The City of Ballarat would like to set the record straight in relation to Council’s decision to end its service agreement with Visit Ballarat.
The decision was based on a range of factors including: visitation; market share; competing priorities for public money; the removal of duplicated services; and the ability to engage directly with tourism operators, visitors and residents.
The City of Ballarat acknowledges the fact Ballarat’s overall visitor numbers have increased as outlined by Tourism Research Australia’s recent National Visitors Survey (comparisons March 2018 to March 2019).
The City of Ballarat understands there will always be fluctuations in quarterly data; this is to be expected. However, the long-term data provides context and paints a bleaker picture. To put it simply Ballarat is not performing as well as comparable destinations such as the cities of Bendigo and Geelong, and has not kept pace with the Victorian average for regional visitation.
When combined with its event operations spend, the City of Ballarat invests around $6 million a year for a $484 million tourism services output or return.
In contrast, the City of Greater Bendigo spends $3.8 million a year for a $479 million output. And the City of Greater Geelong – which is almost twice the size of Ballarat - spends $4.9 million for an almost one-billion-dollar return.
As previously stated, this is a major concern and a point that absolutely cannot be ignored given the level of investment in Visit Ballarat since its inception (as Ballarat Regional Tourism) in 2010. The City of Ballarat is one of the biggest single local government contributors to tourism in the state.
When Ballarat Regional Tourism (BRT) was established, the board committed to generating financial input from tourism providers. This has not happened, which has in turn forced ratepayers to bear the brunt of this financial burden year after year.
The City of Ballarat understands every dollar counts. We are responsible for the sound management of public money and currently ratepayers are spending too much money on an industry that is being propped-up at the expense of others.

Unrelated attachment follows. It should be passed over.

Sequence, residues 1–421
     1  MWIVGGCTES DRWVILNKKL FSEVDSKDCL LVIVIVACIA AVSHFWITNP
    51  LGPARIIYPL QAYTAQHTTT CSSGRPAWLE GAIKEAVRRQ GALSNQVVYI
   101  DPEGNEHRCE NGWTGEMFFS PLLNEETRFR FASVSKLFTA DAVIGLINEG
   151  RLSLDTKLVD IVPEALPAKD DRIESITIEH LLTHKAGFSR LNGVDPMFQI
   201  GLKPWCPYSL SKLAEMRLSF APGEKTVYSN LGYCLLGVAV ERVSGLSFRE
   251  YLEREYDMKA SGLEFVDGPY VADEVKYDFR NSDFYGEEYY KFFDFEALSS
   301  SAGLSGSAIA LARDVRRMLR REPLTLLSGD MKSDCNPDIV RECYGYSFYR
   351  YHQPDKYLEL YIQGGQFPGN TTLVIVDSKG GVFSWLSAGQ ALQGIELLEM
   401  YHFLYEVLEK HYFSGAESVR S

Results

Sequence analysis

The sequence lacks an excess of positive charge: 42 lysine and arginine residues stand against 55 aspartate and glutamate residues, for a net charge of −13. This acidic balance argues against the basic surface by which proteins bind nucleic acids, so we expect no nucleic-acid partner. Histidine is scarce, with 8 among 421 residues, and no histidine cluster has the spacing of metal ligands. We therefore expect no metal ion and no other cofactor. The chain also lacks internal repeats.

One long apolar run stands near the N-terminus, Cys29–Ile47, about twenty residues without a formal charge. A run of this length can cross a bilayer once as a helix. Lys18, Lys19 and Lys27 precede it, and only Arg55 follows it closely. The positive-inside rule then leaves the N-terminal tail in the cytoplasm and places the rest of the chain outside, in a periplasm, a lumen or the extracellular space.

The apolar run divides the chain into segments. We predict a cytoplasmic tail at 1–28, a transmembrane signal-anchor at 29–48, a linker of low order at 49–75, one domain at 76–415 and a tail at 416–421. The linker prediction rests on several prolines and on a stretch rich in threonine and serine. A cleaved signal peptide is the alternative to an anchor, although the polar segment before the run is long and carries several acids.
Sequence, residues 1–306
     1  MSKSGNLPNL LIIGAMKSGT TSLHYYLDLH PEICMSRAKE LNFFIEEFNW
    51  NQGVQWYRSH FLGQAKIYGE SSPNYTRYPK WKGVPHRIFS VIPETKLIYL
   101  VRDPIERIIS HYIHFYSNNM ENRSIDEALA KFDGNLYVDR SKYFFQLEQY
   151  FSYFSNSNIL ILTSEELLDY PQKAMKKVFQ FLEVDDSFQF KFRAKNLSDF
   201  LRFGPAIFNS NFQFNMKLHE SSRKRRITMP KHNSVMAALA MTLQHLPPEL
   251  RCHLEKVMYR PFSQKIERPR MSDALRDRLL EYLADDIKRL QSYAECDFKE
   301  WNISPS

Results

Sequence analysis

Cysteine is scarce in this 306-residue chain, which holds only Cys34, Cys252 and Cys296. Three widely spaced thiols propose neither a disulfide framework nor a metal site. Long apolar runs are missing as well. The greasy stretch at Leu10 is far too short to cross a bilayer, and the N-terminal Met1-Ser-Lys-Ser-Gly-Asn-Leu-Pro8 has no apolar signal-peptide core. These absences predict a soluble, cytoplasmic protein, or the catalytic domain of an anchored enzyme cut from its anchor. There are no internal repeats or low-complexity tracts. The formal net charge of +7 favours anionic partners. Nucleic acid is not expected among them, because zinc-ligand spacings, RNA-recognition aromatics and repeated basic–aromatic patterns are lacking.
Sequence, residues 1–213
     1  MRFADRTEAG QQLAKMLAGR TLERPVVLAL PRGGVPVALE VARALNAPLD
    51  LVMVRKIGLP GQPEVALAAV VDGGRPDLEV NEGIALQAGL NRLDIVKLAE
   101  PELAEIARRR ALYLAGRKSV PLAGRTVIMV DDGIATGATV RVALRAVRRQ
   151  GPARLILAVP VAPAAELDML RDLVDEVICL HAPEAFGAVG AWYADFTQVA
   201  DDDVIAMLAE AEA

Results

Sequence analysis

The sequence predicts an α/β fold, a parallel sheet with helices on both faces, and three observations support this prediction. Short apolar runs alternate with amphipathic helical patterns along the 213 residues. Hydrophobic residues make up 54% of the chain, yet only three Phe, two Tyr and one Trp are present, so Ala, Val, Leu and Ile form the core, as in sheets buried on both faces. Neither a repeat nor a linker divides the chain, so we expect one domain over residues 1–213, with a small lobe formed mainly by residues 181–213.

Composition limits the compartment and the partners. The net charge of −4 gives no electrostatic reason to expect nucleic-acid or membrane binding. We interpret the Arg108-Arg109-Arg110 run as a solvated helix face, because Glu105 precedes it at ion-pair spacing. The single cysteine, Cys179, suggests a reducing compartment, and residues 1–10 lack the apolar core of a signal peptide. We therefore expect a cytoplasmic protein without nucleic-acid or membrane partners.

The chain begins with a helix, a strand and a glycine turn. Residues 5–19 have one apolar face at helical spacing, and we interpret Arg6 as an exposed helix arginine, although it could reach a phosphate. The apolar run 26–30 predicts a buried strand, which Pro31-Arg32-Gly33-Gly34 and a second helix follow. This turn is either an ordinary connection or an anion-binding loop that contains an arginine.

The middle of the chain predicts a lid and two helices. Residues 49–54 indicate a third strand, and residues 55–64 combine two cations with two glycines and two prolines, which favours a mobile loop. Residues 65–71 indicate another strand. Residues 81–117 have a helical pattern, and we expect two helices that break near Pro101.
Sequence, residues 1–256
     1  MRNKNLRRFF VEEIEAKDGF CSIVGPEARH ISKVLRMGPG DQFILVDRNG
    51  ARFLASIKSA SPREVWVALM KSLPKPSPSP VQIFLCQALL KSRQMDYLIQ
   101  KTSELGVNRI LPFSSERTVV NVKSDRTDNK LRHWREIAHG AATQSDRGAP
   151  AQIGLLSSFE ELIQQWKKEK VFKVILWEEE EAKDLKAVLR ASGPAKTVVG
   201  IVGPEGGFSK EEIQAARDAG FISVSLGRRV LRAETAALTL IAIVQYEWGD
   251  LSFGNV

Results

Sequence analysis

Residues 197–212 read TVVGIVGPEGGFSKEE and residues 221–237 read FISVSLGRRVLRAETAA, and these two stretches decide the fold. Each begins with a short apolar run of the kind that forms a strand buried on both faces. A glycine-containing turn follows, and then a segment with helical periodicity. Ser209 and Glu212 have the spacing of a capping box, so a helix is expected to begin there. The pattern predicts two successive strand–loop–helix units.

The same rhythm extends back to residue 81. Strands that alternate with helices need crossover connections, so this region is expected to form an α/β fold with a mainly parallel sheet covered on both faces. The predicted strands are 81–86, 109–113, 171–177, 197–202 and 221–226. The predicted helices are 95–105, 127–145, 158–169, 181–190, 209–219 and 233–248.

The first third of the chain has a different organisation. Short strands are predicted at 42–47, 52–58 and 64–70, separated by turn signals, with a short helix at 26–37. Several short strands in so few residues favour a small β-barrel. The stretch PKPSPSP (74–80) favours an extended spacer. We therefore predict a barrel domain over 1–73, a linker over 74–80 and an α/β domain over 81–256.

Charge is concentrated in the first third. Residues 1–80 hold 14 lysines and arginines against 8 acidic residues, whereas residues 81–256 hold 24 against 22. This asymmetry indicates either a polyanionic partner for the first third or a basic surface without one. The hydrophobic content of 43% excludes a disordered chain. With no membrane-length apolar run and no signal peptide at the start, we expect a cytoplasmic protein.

Following the resumption of tourism marketing services, the tourism industry will remain a focus for the City of Ballarat and Council along with a range of other key sectors including waste and recycling, sport capital works, and essential community services.
It is important to note the City of Ballarat’s Events team will remain the lead for event management. Over the years this has translated into successes such as securing multiple AFL games; the highly successful White Night and Spilt Milk, which sold out in a week; the Archibald Prize; and a new three-year commitment for the Cycling Australia Road Nationals.
The City of Ballarat and Council are frequently meeting with Visit Ballarat to ensure a smooth transition of tourism marketing services.
The City of Ballarat will target a broader range of sectors in relation to marketing campaigns, not micro markets at the expense of others. Everyone will have an opportunity to be involved in the development of the Ballarat is Open Strategy; a city-wide marketing strategy which will leverage Ballarat’s strengths as a city that is unique, bold, creative, beautiful and proud. This will not only build the visitor economy but will capture and promote the full range of activities and benefits of living, working and visiting Ballarat.
The resumption of tourism marketing will also create a more streamlined and efficient process and will reduce administration costs by $300,000-$500,000 annually. These savings will be redirected to important community services and assets.
In relation to the Regional Tourism Services Review and as previously mentioned, the City of Ballarat has already been in contact with Visit Victoria and Regional Development Victoria and have met with respective state government Ministers and administrators about the Regional Tourism Services Review – dating back to well before this version of the review was announced.
In fact, through the state’s Regional Partnerships program, the City of Ballarat was heavily involved in looking at a range of early options for a more effective provision of services and regional promotion for tourism businesses across the Grampians region and Western Victoria, not just here in Ballarat.
We look forward to welcoming the Victorian Government Regional Tourism Services Review to Ballarat next week to continue this important conversation and work of regional tourism.